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Interview: 'Tucker and Dale vs Evil' Director Eli Craig


‘There’s too many movies that are anti-hillbilly, and I needed to stick up for the uneducated poor bumpkin in the woods,’ director Eli Craig told me recently in a phone interview about his new movie, ‘Tucker and Dale Vs. Evil.’ Craig, who also co-wrote the film with Morgan Jurgenson, spoke to me about the film itself, why people often fear the woods and his bias against frat boys.

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Craig’s newest film tells the story of two hillbillies (played by Alan Tudyk and Tyler Labine) mistaken for serial killers by a group of college students. The film begins when the duo encounter the students visiting the woods for a weekend getaway. The group is immediately suspicious of Tucker and Dale, who look like country bumpkins and act like awkward teenagers. When Allison (Katrina Bowden), one of the college students, injures herself in a nearby lake it’s up to Tucker and Dale to rescue her. However, her paranoid friends believe she’s been kidnapped by those horrible hillbillies.

When I asked Craig why he created a comedy that openly mocks horror films, he said he “wanted to make a movie that I wanted to see and that hasn’t been done yet … it’s a bit of a Judd Apatow sensibility meets Harold Ramis and then meets Eli Roth” or Sam Raimi.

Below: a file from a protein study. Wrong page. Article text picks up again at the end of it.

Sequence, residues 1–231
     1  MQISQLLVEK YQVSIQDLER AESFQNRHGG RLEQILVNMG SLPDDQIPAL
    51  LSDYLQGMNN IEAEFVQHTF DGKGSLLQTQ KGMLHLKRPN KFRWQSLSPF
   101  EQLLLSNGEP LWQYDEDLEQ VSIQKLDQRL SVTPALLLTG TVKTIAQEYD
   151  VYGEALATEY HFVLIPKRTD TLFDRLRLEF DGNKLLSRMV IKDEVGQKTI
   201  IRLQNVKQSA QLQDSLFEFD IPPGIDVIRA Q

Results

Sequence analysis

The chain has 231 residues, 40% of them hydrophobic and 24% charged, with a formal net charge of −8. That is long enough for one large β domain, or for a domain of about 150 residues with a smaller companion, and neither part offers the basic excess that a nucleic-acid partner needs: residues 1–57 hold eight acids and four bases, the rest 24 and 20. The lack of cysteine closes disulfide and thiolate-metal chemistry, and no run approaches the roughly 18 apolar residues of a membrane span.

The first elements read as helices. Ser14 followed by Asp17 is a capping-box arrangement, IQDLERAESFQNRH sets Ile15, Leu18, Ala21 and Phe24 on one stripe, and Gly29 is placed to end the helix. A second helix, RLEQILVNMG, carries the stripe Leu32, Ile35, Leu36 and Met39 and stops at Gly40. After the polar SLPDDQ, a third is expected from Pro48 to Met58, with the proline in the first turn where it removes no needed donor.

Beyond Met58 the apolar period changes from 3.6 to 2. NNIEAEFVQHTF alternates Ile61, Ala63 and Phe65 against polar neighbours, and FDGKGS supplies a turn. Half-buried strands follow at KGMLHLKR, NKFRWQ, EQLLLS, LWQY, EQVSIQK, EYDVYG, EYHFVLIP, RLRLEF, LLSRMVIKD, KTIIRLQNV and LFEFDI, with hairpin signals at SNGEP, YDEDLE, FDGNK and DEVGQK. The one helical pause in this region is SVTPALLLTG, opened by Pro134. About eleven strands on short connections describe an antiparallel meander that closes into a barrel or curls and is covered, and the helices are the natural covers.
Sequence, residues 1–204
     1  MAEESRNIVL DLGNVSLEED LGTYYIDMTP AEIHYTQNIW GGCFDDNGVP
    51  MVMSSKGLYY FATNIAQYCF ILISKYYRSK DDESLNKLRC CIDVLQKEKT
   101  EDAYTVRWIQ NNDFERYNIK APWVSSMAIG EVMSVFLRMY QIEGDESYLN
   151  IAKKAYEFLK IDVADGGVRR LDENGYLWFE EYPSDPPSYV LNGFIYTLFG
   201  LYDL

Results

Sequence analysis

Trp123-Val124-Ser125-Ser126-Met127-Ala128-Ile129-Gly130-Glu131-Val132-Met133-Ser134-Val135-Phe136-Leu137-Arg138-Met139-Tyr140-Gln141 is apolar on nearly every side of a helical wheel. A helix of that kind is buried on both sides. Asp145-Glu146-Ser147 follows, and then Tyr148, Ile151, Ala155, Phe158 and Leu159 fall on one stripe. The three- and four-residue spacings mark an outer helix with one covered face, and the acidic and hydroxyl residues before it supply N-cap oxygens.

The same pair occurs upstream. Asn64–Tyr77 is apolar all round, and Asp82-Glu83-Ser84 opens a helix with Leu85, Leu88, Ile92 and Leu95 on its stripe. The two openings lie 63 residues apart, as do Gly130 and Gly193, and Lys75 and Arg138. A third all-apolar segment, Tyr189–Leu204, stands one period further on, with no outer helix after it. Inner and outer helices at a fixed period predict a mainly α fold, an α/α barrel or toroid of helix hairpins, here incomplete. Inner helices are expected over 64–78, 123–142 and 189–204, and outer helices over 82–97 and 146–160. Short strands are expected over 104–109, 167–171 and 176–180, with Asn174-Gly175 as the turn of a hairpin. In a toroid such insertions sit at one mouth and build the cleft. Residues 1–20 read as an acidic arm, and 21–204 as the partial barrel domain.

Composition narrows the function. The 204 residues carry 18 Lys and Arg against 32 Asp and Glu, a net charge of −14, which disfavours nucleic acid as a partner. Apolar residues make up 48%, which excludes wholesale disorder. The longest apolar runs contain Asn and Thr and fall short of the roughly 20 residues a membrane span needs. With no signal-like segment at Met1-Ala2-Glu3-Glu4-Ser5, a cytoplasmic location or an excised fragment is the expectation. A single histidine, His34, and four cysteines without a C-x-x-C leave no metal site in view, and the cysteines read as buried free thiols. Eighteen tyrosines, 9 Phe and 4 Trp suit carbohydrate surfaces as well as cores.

One of the most interesting concepts the film explores is the students’ fear of the woods. A former “mountaineering guy” and an Outward Bound instructor himself, Craig spoke to me about such a fear.

“When I was instructing kids at Outward Bound,” says Craig, the son of Oscar-winner Sally Field, “I would be amazed the further out we would go from the road head, the more frightened they would get that there’s some slasher axe-wielding maniac in the woods.”

“The woods have become a dark and defensive place to a lot of kids that are just used to the city,” he adds, saying the film was his way of letting people know “you shouldn’t be afraid of the woods. You should be afraid of the college kids.”

As opposed to the likeable title characters in “Tucker and Dale,” the students are presented as overconfident, preppy and annoying. Chad (Jesse Moss), the leader of the students, would likely be welcomed into the fraternity of his choice.

“I am a bit anti-frat boy, I have to admit,” Craig says, adding that he feels that many fraternity members follow a monolithic mentality. He particularly criticized the hazing process that some fraternities use and how these organizations sometimes stamp out the individuality of their students.

Craig, who previously rejected “acting as being kind of fake,” now embraces his new role as a writer/director, and audiences may feel the same about his line of work. If viewers are looking for a fun and hilarious time at the theater, “Tucker and Dale vs Evil” is a perfect choice.


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